Literature has been the instrument that helped people sustain war (as Primo Levi testified) or that was a major vehicle for the call for justice (as in the work of Antjie Krog). At the same time there is much art that promotes war (Marinetti’s horrifying manifest), or motivates it (Kipling’s “White man’s burden”). Law may be the last stronghold people hold on to in times of violence (as happens wherever people keep on registering what happened with an eye to future justice), or may instead itself be the instrument of violence (as perhaps too many examples illustrate). Our aim in this winter school is to investigate the forcefields and dynamics that exist between the two fields, literature and law, as they intersect in making sense of, or in their trying to govern the phenomenon of war.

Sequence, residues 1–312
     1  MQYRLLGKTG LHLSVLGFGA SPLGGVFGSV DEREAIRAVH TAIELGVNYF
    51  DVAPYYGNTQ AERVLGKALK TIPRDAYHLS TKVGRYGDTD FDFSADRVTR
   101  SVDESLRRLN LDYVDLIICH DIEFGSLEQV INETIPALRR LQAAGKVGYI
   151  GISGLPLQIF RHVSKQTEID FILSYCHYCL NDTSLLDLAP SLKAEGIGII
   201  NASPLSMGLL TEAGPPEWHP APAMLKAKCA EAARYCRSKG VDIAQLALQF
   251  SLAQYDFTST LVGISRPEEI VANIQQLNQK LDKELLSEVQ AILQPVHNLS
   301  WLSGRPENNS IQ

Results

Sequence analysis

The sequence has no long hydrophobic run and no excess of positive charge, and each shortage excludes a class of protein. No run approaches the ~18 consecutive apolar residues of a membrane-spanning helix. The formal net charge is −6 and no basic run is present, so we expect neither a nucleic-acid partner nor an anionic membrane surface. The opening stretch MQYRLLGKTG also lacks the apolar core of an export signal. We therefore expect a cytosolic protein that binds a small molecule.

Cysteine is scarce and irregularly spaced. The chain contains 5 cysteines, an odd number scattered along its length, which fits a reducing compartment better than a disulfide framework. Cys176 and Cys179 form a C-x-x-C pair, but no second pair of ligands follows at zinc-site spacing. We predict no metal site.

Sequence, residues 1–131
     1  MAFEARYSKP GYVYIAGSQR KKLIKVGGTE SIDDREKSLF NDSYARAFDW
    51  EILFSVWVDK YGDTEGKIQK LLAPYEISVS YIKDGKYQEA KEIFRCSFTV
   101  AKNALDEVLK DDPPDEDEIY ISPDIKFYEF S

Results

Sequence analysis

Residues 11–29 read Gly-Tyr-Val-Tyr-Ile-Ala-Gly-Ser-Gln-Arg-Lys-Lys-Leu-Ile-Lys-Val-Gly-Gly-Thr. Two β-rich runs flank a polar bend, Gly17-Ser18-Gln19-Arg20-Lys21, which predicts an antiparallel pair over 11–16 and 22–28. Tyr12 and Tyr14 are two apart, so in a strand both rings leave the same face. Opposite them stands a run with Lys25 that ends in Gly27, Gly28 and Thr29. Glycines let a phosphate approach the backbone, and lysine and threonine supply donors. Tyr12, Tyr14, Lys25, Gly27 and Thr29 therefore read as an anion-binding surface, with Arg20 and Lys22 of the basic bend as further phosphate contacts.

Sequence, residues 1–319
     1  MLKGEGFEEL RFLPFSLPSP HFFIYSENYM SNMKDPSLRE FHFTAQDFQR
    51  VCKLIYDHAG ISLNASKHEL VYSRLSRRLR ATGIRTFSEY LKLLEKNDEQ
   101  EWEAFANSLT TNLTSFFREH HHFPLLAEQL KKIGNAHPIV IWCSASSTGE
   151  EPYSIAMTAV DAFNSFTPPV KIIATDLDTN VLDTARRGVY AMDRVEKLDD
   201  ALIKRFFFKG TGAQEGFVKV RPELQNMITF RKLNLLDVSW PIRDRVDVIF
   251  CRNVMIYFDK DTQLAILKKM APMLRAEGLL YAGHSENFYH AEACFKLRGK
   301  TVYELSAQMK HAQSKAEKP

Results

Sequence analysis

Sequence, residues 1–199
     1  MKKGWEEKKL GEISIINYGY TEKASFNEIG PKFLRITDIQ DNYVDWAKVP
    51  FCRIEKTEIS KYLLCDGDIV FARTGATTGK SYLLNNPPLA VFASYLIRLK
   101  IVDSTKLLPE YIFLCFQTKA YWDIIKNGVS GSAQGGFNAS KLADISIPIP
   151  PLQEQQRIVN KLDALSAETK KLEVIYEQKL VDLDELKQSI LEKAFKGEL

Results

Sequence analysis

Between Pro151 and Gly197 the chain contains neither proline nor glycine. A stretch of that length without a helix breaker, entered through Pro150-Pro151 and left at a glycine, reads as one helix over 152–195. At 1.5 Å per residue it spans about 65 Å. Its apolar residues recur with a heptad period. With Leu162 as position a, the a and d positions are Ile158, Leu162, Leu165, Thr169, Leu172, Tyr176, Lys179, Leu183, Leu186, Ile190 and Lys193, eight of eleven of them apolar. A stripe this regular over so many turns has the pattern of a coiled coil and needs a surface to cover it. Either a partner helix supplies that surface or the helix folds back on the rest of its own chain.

We invite ResMa students and PhD students to participate in this winter school by means of a focused paper and active participation during the three day gatherings. We invite historical studies as well as conceptual reflections, we invite scholars coming from the legal side and those coming from the humanities. Our aim is to make the different disciplines talk to one another and to have a broad scope of reflections on the dynamics described above.
The first day of our meeting will consist in theoretical explorations of the concepts at stake and in focusing on the papers produced by the participants. The full programme can be found here (updated January 2020).
Our confirmed keynote speakers are:
Prof. dr. Richard H. Weisberg
Richard H. Weisberg is the Walter Floersheimer Professor of Constitutional Law.